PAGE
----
Kafka’s prose, his jokes, his arguments such as they are.  His imagination – as a pure fantasy writer, he is among the greats.  What pleasures there are in Kafka.


  1. Yes, Kafka is wonderful, and wonderfully hard to write about. I've just run across another example of this in the new History of Russian Literature I'll be reviewing for The Millions soon. They devote pages to Gorky and, immediately following, a paragraph to Bunin (the last part of which is taken up with a crack Nabokov once made about Bunin), but Bunin is ten times the writer Gorky is, and he got the first Russian literature Nobel, for Pete's sake! Then it occurred to me there's nothing really to say about Bunin, especially for an academic. He didn't join literary groups (a big focus of the HRL), he didn't radically change style, he didn't emigrate and then return and have an interestingly complicated relationship with the Bolsheviks like Gorky, he just wrote great short stories, decade after decade. What can you say about that? As a reader you wallow in it (and talk about "clear prose" -- it's maddeningly hard to translate), and I keep a fat Complete Stories around to read a bit of before bedtime because it never disappoints, but a scholar is going to find it frustrating. "Bunin... excellent writer, really very good!... OK, moving on..."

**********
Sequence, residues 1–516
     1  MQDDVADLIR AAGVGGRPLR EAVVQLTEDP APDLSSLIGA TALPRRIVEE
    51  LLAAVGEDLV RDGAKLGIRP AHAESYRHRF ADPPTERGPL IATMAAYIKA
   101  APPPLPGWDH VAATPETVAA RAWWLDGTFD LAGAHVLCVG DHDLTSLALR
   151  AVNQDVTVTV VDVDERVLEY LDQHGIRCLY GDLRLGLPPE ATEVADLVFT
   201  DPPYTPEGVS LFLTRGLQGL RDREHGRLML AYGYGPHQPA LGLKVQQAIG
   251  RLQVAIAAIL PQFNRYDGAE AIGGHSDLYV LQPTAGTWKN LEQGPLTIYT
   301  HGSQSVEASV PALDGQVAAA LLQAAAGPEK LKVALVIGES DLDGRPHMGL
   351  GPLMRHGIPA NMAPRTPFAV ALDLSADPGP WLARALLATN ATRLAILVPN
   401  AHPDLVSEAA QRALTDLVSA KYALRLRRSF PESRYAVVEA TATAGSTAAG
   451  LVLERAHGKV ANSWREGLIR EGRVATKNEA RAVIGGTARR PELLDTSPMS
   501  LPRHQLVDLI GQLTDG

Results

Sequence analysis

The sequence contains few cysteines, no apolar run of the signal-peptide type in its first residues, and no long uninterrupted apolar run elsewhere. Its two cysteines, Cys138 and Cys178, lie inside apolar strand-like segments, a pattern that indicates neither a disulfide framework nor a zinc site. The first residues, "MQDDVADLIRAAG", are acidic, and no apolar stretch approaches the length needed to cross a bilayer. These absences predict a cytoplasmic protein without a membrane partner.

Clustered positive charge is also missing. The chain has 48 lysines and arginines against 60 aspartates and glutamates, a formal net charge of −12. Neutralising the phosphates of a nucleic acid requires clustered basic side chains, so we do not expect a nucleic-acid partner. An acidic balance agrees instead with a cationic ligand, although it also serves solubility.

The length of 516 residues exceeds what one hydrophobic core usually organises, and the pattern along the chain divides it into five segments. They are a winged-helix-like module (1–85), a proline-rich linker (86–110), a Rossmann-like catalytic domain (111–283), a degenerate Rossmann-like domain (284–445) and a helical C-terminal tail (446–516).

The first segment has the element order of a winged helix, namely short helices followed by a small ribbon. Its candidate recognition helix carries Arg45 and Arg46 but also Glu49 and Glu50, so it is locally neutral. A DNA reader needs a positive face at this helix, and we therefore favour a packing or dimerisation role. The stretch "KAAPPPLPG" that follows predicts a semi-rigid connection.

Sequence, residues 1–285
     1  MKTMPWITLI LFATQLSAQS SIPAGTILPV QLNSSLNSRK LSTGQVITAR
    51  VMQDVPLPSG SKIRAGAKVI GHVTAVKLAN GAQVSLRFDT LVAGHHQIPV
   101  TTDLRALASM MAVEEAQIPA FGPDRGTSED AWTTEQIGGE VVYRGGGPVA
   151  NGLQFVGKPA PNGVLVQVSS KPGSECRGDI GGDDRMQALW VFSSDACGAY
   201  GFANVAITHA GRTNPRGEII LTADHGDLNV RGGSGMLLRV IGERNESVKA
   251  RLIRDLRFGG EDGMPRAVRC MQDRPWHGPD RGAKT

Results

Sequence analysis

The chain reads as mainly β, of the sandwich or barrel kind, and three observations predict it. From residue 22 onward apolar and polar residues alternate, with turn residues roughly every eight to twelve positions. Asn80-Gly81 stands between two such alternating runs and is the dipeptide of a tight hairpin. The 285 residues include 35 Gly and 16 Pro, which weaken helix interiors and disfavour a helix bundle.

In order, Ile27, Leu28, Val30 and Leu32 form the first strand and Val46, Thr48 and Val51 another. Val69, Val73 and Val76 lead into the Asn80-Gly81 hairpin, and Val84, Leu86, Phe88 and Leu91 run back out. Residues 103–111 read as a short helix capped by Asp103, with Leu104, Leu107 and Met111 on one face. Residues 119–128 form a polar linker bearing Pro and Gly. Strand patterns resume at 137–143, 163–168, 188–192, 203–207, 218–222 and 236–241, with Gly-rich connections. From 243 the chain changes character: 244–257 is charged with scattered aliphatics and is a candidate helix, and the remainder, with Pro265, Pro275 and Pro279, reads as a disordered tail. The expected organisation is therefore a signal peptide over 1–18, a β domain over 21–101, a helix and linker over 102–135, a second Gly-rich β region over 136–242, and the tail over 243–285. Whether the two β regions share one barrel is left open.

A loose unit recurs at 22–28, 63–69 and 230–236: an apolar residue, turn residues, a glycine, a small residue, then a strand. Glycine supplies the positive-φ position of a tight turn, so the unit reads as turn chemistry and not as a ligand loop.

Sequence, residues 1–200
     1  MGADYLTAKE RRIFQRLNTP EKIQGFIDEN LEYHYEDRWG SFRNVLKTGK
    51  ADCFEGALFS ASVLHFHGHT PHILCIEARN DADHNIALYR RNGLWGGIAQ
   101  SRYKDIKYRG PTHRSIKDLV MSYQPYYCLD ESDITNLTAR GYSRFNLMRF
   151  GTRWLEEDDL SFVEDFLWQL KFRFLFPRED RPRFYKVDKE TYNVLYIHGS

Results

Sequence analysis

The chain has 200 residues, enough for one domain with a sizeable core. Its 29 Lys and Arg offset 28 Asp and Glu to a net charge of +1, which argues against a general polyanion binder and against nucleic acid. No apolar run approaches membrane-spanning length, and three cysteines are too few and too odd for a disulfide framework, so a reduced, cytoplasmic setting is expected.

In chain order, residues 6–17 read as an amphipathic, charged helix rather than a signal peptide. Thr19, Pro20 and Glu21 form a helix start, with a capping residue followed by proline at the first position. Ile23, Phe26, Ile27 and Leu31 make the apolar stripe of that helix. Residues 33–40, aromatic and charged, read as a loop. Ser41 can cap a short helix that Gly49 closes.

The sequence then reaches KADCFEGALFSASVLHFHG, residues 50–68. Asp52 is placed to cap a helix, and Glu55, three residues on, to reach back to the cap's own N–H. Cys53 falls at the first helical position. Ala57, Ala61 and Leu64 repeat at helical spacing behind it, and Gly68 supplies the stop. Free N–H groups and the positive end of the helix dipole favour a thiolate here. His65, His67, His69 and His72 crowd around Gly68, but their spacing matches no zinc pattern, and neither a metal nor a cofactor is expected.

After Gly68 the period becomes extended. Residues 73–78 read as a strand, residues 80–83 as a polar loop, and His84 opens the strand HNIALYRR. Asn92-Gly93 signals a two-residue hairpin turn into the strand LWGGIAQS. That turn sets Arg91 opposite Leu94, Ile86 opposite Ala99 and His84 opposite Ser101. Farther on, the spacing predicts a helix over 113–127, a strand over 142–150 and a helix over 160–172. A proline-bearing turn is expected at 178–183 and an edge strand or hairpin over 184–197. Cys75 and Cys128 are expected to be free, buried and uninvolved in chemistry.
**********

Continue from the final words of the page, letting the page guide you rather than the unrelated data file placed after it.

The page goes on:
2. I think I will write a bit about this. My Kafka is something like the way you describe Bunin, but Kafka invites - for many, demands - explication, and as a result there is so much written about him.